I've been on the verge of a coming down with a cold all weekend. As I write this it is Sunday night, I've got a bit of a sore throat, a headache, and the sweats, but I would bet I go in to work tomorrow.

Compared to my own very superficial observations of my coworkers treatment of my dilemma, I would have to say that I am more likely to take a sick day than average. Still, am I sick enough to stay home? Back in my youth, my dear mother would always take my temperature - if it wasn't over 99, and I wasn't vomiting, then I'd have to go to school. Should I use that axiom still?.

Establishing a Baseline

Whenever my company receives a new project, many times we are requested to establish a baseline set of data, which is used as a comparison to make sure something isn't amiss with our setup.

The customer can use this information to draw a conclusion that we are either matching their own data well (meaning our setup must be fairly similiar to theirs), or we are totally off and need to find the problem.

I can tell you that the latter is no fun at all. But it's even LESS fun to get three months into a project only to find that one very small installation error has completely ruined all of the generated data.

Excel from C#: An Introduction

A slight change of direction for me this week: a summary of the options available when you need to produce Microsoft Excel compatible output from C#.

I used to write Office-based VBA systems, but it’s been a few years since I really needed to work with Excel. Even so, when a customer requested some Excel export features for one of my products, I focused on compiling the appropriate data and didn’t give the actual export process a lot of thought. Obviously, I was forgetting that built-in Office functions and macros always made moving data between applications much too easy.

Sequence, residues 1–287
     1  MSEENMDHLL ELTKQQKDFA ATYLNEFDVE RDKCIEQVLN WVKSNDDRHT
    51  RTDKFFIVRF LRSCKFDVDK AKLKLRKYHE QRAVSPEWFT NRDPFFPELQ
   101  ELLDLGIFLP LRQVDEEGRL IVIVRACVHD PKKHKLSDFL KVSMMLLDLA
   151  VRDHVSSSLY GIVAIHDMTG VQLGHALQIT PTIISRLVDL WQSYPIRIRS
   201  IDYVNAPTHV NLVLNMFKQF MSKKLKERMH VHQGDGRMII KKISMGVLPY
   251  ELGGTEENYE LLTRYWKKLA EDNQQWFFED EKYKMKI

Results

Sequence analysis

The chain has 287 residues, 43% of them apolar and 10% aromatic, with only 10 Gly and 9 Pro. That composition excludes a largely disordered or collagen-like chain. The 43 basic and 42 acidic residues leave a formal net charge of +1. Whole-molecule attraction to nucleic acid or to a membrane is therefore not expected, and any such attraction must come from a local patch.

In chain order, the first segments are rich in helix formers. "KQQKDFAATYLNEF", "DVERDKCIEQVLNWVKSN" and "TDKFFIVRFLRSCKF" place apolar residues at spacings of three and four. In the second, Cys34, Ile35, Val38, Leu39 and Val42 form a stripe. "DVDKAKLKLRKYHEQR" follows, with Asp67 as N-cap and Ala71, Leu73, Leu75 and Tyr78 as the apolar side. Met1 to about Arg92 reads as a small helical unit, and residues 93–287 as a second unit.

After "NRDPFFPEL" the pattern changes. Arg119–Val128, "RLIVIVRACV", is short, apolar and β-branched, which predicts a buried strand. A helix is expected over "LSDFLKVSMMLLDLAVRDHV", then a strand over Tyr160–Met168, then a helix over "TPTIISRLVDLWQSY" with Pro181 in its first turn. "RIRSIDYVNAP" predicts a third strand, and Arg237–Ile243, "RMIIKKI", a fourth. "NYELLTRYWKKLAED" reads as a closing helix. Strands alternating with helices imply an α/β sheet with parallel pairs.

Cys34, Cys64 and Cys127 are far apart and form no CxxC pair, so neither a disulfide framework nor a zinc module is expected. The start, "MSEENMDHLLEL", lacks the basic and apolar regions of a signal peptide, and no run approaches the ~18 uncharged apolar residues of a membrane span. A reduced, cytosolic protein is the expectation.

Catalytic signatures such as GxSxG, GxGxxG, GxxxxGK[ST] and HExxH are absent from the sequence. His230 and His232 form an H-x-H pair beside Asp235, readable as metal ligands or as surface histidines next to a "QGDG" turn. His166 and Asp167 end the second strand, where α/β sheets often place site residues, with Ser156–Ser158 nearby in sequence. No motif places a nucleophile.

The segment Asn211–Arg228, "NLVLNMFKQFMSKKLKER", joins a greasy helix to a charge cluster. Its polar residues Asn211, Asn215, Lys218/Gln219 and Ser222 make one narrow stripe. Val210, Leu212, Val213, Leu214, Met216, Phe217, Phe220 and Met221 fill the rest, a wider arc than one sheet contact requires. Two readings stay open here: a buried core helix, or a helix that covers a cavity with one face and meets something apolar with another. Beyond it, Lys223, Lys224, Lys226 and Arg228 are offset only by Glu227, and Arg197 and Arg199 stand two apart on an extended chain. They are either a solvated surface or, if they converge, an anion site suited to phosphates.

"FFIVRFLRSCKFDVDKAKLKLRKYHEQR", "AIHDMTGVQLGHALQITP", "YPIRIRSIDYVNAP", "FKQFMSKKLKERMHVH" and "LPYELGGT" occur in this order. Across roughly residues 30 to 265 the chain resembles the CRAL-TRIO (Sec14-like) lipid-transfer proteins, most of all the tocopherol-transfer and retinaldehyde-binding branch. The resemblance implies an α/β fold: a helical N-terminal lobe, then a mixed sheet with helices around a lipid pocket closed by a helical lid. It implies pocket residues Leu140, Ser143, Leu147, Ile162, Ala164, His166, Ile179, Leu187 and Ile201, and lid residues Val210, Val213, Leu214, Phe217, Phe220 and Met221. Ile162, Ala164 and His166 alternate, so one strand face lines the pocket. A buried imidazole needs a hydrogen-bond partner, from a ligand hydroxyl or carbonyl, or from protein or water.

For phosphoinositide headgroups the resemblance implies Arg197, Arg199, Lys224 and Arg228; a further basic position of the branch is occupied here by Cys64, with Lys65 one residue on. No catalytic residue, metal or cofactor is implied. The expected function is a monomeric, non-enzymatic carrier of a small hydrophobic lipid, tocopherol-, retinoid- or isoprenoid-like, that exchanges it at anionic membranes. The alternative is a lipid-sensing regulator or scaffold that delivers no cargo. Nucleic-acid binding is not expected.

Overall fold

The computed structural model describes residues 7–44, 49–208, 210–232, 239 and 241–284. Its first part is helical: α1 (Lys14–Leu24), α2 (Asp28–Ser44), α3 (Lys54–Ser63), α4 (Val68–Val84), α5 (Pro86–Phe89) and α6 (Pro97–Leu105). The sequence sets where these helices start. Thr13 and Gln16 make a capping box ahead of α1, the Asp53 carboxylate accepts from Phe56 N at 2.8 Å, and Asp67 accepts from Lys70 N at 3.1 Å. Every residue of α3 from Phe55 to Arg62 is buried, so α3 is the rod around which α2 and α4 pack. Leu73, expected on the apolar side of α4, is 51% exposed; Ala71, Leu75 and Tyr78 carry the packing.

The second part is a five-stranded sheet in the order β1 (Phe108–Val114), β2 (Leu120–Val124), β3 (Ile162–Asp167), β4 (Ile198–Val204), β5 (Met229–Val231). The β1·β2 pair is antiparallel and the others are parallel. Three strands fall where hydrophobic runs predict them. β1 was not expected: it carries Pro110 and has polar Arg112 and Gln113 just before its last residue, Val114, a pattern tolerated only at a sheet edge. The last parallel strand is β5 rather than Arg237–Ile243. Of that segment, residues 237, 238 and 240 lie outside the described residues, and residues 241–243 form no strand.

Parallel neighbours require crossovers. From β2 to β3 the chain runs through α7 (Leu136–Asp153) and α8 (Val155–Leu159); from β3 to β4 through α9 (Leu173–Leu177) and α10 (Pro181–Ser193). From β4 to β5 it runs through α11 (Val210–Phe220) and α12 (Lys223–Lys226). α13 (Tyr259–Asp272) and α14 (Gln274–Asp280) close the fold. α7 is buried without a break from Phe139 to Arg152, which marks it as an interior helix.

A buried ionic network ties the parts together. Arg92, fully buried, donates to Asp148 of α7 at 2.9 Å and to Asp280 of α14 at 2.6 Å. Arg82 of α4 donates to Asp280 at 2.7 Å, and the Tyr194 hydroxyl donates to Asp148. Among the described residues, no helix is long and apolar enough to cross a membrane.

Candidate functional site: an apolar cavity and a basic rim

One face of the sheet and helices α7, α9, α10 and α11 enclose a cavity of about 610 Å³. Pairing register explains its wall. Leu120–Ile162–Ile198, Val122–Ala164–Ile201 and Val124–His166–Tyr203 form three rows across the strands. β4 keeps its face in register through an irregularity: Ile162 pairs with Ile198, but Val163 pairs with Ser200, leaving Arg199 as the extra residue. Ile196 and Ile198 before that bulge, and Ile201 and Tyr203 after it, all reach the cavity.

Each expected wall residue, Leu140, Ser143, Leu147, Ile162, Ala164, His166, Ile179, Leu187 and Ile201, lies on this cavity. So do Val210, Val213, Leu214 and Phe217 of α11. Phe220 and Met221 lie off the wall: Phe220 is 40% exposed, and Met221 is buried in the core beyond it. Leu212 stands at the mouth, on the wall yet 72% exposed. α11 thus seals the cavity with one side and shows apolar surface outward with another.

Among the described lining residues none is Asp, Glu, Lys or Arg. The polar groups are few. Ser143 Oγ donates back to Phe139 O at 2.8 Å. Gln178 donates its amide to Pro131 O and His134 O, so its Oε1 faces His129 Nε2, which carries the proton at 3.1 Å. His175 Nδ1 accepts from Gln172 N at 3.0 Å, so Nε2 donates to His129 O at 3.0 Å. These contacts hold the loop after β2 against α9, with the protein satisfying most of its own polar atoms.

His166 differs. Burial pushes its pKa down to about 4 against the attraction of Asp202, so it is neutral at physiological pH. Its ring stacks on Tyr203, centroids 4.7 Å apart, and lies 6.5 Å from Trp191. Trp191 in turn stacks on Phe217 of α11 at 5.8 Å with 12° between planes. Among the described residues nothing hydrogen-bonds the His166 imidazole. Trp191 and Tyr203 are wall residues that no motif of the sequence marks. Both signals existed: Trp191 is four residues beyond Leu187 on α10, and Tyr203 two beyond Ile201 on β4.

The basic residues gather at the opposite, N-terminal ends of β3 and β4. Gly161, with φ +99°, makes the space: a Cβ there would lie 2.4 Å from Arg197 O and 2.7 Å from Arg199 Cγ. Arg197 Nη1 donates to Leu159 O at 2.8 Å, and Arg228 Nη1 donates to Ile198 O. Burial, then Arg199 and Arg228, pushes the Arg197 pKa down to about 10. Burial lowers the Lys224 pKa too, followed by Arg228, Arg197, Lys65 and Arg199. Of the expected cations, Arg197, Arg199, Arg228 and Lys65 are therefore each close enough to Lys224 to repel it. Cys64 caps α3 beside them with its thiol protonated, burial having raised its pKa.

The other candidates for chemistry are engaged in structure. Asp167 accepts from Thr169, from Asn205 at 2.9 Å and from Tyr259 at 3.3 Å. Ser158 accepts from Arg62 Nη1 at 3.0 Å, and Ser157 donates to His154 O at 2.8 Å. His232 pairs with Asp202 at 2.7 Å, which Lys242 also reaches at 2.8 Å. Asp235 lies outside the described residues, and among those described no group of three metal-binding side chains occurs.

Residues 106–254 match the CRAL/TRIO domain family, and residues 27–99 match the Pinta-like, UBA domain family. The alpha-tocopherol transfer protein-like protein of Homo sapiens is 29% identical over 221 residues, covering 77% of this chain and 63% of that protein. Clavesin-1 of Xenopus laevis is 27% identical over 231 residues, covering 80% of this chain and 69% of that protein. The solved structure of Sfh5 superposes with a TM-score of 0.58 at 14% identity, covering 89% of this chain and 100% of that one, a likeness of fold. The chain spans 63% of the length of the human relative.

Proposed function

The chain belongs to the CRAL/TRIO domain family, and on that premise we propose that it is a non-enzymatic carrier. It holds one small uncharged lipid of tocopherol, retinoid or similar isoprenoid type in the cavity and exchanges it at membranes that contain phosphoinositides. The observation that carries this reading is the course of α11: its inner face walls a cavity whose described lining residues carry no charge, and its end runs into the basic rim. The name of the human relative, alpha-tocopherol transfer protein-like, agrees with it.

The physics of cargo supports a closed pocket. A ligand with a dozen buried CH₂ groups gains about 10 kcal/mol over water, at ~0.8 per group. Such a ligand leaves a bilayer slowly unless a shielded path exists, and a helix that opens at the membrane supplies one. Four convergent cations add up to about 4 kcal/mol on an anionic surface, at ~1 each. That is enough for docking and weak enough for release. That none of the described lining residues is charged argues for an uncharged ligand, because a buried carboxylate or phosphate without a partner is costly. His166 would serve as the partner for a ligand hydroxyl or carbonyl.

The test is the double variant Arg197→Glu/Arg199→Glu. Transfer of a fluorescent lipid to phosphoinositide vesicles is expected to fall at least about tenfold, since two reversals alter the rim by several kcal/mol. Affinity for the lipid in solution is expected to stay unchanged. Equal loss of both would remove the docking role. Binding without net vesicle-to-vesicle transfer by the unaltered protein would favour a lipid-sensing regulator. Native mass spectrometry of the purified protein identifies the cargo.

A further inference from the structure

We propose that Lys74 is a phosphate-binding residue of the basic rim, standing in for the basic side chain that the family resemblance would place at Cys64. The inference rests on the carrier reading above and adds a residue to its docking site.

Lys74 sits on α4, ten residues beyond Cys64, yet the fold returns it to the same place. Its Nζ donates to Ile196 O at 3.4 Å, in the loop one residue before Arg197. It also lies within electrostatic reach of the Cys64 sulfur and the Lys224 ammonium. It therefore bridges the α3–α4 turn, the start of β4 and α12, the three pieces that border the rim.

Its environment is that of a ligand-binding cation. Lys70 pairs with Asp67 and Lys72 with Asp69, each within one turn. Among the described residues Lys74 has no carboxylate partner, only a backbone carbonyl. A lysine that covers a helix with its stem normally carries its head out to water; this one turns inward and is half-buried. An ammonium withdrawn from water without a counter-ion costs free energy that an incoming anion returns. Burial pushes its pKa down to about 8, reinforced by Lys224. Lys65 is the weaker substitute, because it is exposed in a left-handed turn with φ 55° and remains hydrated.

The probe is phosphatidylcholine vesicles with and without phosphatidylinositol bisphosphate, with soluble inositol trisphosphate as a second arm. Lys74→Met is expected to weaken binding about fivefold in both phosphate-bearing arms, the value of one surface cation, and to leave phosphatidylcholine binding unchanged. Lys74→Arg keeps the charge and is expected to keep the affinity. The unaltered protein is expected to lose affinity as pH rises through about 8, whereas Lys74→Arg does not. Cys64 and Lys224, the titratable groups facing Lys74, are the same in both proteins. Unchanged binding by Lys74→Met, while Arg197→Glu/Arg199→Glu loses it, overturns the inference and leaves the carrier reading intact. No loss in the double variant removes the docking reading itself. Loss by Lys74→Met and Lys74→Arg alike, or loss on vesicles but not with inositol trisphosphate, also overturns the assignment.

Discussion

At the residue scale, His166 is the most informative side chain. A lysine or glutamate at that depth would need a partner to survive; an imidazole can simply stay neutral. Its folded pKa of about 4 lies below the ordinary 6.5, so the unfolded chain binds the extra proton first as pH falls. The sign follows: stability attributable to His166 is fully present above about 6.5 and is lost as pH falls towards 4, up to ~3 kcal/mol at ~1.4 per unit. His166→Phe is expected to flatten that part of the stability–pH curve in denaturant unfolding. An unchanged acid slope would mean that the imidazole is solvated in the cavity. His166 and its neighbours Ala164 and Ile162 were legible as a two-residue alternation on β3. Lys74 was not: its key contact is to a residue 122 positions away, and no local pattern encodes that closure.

I realised I had to get back up to speed, and thankfully there were still plenty of options.

The Prophet's Dilemma

No real substantive post today; what started as a busy week has turned into a nightmare, complete with some very bad news about a very old friend.

Well, life goes on, and with it, work. On that front, my company is in the process of our first ever project post-mortem. One of the questions that's come up is the amount of hours spent unit testing vs. improvements to code quality. We had to fight to get hours in the schedule for UTs, and we got them. But now we're faced with the "Prophet's Dilemma": we predicted quality would suffer without unit tests, and we got unit tests, and now we can't prove that code quality would have suffered without them.

Introducing Me (Caleb)

I'm an electrical engineer by trade, though most of my time is spent doing custom software development for a small R&D company in south central Indiana. My work mostly revolves around the diesel engine industry, but I'm also very active in the open source community which is where I get a lot of my programming tools from.

My main interests are in the GUI world, particularly around Agile methods and Rapid Development. I am a huge fan of Ruby and preach its use where I can. I'm also involved with the KDE project, Gentoo Linux, and Ruby on Rails.

Most of my professional work centers around Linux, though I also do plenty with Mac OSX. The only time I use Windows is to work with Office documents people might send me, and to play a little online poker.

Interestingly enough, I went to college with CodeSnipers' very own Keith Casey. I hope he doesn't hold it against me.

Hey, I'm an Analyst!

Up until a few weeks ago, I thought the title "_____ Analyst" (fill in the blank) was an ambiguous term that meant you had a fancy title. What's an analyst do!?! Nobody knows for sure, I thought. I didn't call myself an analyst. I scoffed at anybody who did, and said, Oh yeah. You're special. What's that really mean? What is it you analyze anyways??

Then just a few days ago, I had the thought, "man, I am getting sick of analyzing stuff!" and then I realized, hey I'm an analyst!